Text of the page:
November 28, 2017 by TWP The Women’s Project
Help us understand what is particularly important about the experiences of this group of women.
Sex workers are the only population besides undocumented people that are criminalized for their status as a person.
In fact many of the institutions that are supposed to protect us, are sent to erase our existence. Sex workers face many barriers in organizing, fighting for their labor rights and are often faced with hostility from members of their own communities.
There is an ongoing study of 62 sex workers in Rhode Island, conducted by COYOTE RI and the Center for the Study of Slavery and Justice (CSSJ) at Brown University (2014- 2016). Our findings revealed that 11% of Rhode Island sex workers reported being sexually assaulted by a police officer, and 15% reported being robbed or assaulted by a police officer. 77% of Rhode Island sex workers reported to the Brown researchers that they had been the victim or witness of a crime they didn’t report to police. 4% reported being arrested while trying to report a crime, and 26% reported being threatened while trying to report a crime.
65% said they wouldn’t report violence or crimes to the police for fear of arrest; and nearly 15 % reported that they have been to graduate school. These insights into sex workers working in Rhode Island reveal that they are not simply desperate “victims” of evil traffickers. For many, sex work is an important form of work that allows them to put food on the table.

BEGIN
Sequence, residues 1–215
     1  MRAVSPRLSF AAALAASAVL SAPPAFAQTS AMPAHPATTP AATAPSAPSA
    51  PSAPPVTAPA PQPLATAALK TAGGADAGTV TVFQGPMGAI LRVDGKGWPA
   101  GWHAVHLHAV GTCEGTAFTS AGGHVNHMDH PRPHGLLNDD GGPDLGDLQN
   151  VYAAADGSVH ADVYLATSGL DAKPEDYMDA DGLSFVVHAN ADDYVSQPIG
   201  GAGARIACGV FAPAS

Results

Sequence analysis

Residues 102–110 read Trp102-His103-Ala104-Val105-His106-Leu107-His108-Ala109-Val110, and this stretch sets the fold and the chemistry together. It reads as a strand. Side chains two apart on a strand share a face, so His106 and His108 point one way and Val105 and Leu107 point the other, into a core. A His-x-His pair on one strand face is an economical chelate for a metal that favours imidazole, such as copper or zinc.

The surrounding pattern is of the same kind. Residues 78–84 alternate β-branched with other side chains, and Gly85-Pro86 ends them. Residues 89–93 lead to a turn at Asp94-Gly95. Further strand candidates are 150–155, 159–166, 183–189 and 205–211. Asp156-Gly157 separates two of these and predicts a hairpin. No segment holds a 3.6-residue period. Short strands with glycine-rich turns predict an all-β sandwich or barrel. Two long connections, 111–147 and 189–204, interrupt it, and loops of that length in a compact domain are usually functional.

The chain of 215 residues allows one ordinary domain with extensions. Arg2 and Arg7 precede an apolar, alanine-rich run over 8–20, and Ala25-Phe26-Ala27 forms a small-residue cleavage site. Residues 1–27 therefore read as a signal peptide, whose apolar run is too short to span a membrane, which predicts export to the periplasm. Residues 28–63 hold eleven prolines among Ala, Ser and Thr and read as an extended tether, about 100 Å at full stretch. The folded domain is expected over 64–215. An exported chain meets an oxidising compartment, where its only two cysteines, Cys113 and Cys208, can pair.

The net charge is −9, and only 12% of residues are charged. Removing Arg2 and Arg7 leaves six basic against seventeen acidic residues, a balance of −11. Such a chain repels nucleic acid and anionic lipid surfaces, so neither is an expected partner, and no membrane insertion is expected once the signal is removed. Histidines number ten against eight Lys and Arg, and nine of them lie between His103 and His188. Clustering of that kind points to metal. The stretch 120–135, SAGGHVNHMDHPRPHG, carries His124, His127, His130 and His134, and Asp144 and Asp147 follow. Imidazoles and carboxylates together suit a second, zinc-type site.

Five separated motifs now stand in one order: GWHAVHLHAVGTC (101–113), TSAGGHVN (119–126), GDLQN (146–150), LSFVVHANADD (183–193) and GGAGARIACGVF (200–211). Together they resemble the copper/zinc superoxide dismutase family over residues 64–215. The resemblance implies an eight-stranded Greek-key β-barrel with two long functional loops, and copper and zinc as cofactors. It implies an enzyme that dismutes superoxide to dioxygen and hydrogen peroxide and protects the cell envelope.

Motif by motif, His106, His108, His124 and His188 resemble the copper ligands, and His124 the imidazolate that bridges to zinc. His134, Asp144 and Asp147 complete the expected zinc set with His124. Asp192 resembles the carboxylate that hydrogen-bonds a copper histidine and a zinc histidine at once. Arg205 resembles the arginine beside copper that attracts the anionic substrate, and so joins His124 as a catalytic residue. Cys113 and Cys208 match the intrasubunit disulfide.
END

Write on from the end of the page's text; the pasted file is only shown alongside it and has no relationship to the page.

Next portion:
What access to medical and mental health services do sex workers have?
We just surveyed over 1500 US sex workers, and while we are still analyzing the data, we know the majority of sex workers go to family planning clinics, and they do not disclose their status as a sex workers, because their past experiences have led to discrimination and hostility.
Mental health professionals seem to be incompetent when dealing with sex workers as they often suggest that a sex worker quit their job, and of course they would never suggest that a CEO quit his job. We see a HUGE need for ALL service providers to recieve trainings from sex worker rights organizations.
Further more over the summer of 2017, Coyote interns emailed every shelter in RI, twice, offering them free training and House of Hope was the only shelter that emailed us back and showed any interest.
Why are you passionate about reproductive rights issues?
We believe that reproductive rights are important for all women, and it is constantly under attack. I think that REAL feminists should support the choices of every woman whether they personally agree with those choices or not. I think reproductive rights and the issue of prostitution has divided the feminist movement for the past several decades.
We believe that every woman has a right to not give birth or to give birth and we feel that forcing poor women to have children is a human rights violation.
In what ways does the issue of access to reproductive health care impact sex workers?
Our survey result show that over 40% of sex workers do not know what prep is, and 65% report that their medical provider didn’t even tell them about prep. No doubt this is because sex workers don’t trust medical providers to out their status as sex workers.
What Rhode Islander legislators & our community need to understand that sex work is more complicated than many imagine — and it’s different from sex trafficking.
What else do we need to know so we can be better allies?